In a read operation, signals of m bits of logical addresses and inverted versions thereof are respectively fed to the bit lines 11 and 12 of the associative memory cell array 1 of the address translator, so that the associative memory cell array 1 compares the received logical address and the stored logical address so as to output the comparison result to the coincidence detection line 8. Next, by using the coincidence detection line 8, the controller 5 generates a word signal 9 of the random access memory cell array 2, so that a physical address of m bits is read from the random access memory cell array 2 to be fed to the bit lines 13 and 14. On the other hand, by using an address signal 18, the decoder 6 generates a word signal 10 of the tag memory cell array 141 which is arranged in the same entry of the address translator, and thus, data of m bits is read out from the tag memory cell array 141 to be sent to the bit lines 15 and 16. The physical addresses read out from the random access memory cell array 2 and from the tag memory cell array 141 are input to the comparator 120 to be compared so as to output a result at the output 121.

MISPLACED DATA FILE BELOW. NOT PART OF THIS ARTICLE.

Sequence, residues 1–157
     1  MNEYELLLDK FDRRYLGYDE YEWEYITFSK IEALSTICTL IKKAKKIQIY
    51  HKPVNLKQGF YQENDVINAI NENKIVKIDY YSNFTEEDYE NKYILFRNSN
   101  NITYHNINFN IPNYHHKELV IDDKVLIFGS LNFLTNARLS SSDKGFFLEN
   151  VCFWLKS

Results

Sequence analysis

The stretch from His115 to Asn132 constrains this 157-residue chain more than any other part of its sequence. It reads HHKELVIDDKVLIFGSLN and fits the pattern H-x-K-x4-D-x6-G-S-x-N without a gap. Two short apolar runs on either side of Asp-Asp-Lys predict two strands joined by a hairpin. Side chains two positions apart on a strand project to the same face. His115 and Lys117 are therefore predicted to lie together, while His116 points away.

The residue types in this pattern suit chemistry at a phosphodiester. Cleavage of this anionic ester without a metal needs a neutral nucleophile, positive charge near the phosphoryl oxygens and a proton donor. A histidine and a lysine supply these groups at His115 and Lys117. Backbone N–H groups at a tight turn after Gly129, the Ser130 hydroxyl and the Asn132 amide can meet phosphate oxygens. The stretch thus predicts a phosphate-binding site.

If the physical addresses read out from the memory cell arrays 2 and 141 agree with each other, data at the physical address is read from a cache memory 140. If the physical addresses read out from the memory cell arrays 2 and 141 do not agree with each other, data at the physical address is read from a main memory 200 connected via a bus to the microprocessor 100b.

As explained above, when two pieces data are transmitted to the comparator or the same functional block, they are transmitted from adjacent places. Thus, if a functional block to which the data will be transmitted is arranged near a semiconductor memory device according to this Example, the data transmittance distance can be very short, and the transmittance delay can be shortened.

In this Example, the number of the entries of the address translator is the same as the number of entries of the tag memory cell array 141. However, even when the number of entries are different, the structure of Example 2 can be partially applied.

In this example, the number of the bits of the associative memory cell array 1 is the same as the number of the bits of arrays 2 and 141. However, when the numbers of the bits are different from each other, the structure of Example 2 can be partially applied.

Furthermore, an associative memory is generally larger than a random access memory, that is, the number of transistors of an associative memory is larger than that of a random access memory, so that there is a problem in that when memories are arranged as arrays, there arises an unnecessary space in the side of the random access memory. However, as shown in the above-mentioned Example, if the width of an associative memory cell is about twice that of a random access memory cell in the direction of the bit lines, an unnecessary space can be avoided by arranging two random access memory cell arrays in parallel in a direction perpendicular to the bit lines.